Almost the first thing we noticed at Alta Vista cemetery in
Gainesville ( ) on a warm, sunny afternoon in April, was the ubiquity of confederate flags. “It must be there,” the passenger in my car said, when he spotted a cluster of them ahead and slightly to the left, just after we had entered the gate. We were looking for the grave of James Longstreet. Georgia
No, it was not “there”. In fact, almost immediately we saw conference flags everywhere – to our left, our right and ahead along the streets and avenues that dissect the cemetery. “It must be,” we decided, “because of the observations going on all over the South in connection with the 150th anniversary of the start of the Civil War.” Maybe. Maybe these flags had been planted by relatives of those who fought in the war on the Confederate side and simply wanted to honor their grandfathers and great-grandfathers, much as we go to a cemetery on Mother’s Day to lay a bouquet on the graves of the mothers we have lost. Then again, maybe the spirit of the Confederacy and its “lost cause” remains alive in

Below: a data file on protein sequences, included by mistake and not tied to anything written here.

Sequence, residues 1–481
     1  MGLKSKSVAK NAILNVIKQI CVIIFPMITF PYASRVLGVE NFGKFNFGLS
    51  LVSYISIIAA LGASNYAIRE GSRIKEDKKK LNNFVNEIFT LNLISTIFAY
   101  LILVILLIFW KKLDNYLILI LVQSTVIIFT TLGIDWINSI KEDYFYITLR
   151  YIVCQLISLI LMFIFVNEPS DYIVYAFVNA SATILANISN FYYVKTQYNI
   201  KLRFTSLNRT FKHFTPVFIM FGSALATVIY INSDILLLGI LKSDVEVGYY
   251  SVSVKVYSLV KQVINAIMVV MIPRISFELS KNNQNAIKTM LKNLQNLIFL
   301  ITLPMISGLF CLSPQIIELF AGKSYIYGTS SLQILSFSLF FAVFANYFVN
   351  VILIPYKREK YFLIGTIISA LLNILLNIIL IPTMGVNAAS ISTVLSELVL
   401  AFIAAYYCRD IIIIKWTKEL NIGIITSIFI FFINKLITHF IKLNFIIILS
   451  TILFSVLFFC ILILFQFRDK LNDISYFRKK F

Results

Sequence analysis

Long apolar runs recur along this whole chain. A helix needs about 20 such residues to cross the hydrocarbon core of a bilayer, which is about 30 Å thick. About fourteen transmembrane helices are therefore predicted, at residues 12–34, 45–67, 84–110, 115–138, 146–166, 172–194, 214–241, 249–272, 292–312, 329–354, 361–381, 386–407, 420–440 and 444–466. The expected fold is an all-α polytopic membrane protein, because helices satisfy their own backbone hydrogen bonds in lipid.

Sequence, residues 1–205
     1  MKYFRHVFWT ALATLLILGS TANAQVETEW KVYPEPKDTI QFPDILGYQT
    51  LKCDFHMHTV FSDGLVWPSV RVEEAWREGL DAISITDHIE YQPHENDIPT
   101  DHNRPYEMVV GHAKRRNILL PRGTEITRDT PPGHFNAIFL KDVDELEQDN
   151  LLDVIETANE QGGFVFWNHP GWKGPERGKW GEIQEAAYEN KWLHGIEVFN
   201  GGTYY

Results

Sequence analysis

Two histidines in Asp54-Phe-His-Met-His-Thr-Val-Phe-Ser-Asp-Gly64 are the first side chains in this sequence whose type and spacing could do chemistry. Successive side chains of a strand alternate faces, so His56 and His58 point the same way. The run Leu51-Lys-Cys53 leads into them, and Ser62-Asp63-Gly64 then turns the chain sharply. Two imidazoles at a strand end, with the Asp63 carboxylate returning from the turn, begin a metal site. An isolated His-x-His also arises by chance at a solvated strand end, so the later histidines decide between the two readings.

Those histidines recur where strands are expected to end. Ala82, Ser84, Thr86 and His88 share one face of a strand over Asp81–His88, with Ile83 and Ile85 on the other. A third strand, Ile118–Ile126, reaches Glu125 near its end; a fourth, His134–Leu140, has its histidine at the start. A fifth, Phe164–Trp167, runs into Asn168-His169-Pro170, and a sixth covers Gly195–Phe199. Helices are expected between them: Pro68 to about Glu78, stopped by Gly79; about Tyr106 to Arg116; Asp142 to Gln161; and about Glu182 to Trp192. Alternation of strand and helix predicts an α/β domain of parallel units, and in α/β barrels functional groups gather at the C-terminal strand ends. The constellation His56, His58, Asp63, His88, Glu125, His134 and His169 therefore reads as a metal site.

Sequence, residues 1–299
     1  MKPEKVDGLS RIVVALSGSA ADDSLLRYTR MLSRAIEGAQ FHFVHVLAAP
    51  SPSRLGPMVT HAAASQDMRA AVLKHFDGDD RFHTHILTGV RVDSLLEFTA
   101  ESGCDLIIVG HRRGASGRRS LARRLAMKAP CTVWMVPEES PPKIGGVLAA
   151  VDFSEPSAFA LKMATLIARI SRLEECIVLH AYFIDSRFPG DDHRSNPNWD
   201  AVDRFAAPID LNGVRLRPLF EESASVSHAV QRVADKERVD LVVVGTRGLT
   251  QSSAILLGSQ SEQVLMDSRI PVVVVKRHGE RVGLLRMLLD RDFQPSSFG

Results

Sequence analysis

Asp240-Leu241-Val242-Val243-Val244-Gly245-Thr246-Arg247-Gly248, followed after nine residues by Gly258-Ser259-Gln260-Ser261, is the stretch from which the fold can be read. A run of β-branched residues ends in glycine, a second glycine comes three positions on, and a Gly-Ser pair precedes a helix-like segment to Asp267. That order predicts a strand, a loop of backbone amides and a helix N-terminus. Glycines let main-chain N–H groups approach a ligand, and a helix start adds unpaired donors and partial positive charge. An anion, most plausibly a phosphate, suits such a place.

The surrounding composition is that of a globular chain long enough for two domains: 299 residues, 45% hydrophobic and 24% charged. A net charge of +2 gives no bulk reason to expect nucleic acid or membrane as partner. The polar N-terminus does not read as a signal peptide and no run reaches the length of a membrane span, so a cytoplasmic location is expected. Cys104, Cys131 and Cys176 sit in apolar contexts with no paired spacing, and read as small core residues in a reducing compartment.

In the latter case, Longstreet might not have approved.
Archival material suggests that he was not in favor of secession in 1861, but that, once the die was cast, he, a Southerner by birth, signed on and reported for duty, becoming General Robert E. Lee’s Commander of the First Corps of the Army of Northern Virginia in 1862.
This post is not meant to retell the story of James Longstreet’s long life, his accomplishments and the controversies for which the locals seem to have forgiven him. But if you find yourself in North Georgia one of these days and have a little time for a drive to
, you will easily find his grave at Alta Vista (his first wife, Louise, and other relatives are interned there as well, in the same plot). And, you can find, on a dead-end street, among abandoned warehouses in an old industrial section of town, what remains of the Piedmont Hotel. Gainesville